Urinary tract infections (UTIs) account for more than 8.5 million visits to health care providers in the United States every year. UTIs are also one of the most common hospital-acquired infections. Treatment for UTIs is an economic burden on the U.S. healthcare system accounting for $2.6 billion in annual costs. One of the most common complications of urogynecologic surgery is UTI and the risk of UTI with transurethral catheterization is well known. In patients undergoing urogynecologic surgery, the risk of UTI ranges from 10 to 64%. Different strategies to lower this risk include antibiotic prophylaxis, or using antibiotic medicine to prevent an infection before it occurs, and the use of cranberry products. Several studies have been conducted investigating the use of antibiotic prophylaxis and cranberry products for UTI risk reduction after urogynecologic surgery.
The results from these studies are conflicting. Dr. Miranne and The Brigham Urogynecology Group are conducting this study to compare the effectiveness of cranberry capsules versus nitrofurantoin (antibiotic) prophylaxis in women who require transurethral catheterization after urogynecologic surgery. We are conducting this study to hopefully reduce the number of UTIs women have after urogynecologic surgery. Reducing the risk of UTIs can have a significant impact on surgical recovery and quality of life. This can also help decrease or reduce health care costs.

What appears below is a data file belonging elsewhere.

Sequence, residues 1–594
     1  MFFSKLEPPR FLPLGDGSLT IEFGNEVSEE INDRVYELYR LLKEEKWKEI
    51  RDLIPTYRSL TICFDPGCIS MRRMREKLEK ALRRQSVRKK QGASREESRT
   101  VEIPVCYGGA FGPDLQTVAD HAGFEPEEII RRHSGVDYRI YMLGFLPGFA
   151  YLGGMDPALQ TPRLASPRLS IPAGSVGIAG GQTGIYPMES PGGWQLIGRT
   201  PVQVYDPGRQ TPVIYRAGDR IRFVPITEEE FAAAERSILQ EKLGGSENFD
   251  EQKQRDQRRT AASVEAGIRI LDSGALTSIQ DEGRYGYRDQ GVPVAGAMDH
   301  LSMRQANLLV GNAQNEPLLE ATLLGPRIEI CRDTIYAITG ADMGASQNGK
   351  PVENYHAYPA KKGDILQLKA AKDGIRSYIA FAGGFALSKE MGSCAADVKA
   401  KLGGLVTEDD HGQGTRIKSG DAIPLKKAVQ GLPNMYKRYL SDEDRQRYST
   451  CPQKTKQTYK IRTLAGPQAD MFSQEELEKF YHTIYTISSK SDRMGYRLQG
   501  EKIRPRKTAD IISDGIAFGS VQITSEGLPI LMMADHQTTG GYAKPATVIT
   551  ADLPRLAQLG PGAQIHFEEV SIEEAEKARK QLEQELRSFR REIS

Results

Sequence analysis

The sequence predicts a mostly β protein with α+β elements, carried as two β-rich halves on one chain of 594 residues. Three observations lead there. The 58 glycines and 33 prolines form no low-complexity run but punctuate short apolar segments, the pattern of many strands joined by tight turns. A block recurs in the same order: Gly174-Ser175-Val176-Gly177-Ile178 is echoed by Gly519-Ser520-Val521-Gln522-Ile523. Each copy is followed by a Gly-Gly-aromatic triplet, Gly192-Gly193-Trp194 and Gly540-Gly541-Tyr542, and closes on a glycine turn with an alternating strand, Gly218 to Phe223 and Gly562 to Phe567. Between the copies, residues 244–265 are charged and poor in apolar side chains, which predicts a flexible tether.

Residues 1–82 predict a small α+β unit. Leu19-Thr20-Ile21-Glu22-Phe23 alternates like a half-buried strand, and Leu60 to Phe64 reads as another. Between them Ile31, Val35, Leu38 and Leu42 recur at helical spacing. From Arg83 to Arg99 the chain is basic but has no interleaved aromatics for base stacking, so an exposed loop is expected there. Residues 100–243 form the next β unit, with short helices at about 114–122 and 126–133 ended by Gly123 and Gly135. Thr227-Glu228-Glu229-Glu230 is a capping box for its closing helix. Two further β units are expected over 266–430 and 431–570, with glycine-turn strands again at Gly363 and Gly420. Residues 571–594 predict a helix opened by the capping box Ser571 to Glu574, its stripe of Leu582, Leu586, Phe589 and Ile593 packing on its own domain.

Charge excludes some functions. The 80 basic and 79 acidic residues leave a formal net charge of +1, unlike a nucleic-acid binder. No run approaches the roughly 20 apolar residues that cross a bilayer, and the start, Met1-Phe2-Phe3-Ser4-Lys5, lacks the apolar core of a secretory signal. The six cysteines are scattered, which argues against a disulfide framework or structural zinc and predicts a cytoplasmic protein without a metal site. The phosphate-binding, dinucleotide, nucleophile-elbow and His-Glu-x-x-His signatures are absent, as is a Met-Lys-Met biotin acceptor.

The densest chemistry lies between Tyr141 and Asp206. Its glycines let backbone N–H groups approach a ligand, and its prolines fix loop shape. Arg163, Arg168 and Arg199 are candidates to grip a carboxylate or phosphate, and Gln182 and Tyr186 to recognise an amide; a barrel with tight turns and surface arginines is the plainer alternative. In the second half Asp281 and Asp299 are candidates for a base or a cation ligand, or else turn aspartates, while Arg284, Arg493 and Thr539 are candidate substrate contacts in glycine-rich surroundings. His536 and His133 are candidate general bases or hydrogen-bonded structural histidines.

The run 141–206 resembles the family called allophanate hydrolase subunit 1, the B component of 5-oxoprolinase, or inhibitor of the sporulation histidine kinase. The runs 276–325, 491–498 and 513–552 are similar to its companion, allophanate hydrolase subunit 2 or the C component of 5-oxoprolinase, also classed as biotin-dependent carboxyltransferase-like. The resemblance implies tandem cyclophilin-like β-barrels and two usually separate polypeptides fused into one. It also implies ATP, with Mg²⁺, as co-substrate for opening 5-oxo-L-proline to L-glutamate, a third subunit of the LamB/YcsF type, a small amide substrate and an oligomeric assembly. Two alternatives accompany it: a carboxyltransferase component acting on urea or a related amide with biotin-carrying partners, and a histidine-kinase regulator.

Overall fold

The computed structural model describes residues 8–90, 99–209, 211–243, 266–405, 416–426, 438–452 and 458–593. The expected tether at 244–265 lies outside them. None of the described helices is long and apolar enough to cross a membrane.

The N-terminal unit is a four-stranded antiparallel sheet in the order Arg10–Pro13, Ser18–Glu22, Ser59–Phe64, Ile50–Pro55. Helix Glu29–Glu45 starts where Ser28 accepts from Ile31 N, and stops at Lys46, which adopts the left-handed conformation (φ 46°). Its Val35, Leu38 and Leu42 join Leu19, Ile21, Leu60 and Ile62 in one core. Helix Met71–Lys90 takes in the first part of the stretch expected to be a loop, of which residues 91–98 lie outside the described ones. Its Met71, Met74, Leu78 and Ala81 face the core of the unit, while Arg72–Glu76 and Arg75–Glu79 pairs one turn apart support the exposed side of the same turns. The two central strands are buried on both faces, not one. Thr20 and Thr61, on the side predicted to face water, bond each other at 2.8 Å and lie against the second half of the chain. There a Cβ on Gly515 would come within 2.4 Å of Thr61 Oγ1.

Through this Multi-Center Collaborative Pilot Project, we plan to construct a new scale for evaluating complications associated with pelvic reconstructive surgery (PRS). Once a simplified patient-centered PFCS is created, future research will be necessary to validate this scale in a large prospective surgical trial.
Pelvic floor disorders, like pelvic organ prolapse urinary incontinence, and fecal incontinence often impair a woman’s quality-of-life but rarely result in significant morbidity. The surgical procedures used to correct these conditions, however, impart some inherent risk of short and long-term complications. The PFCS was designed for all routes of pelvic surgery including vaginal, laparoscopic with or without robotic assistance, and open abdominal procedures. The PFCS characterizes complications unique to prolapse and incontinence procedures including mesh/graft related complications, urinary retention and others.
Women who have undergone PRS will be recruited and consented by the Urogynecology team. An online survey will be sent to the participant’s email address and they will fill out the PFCS. All data will be statistically analyzed at the end of the study period.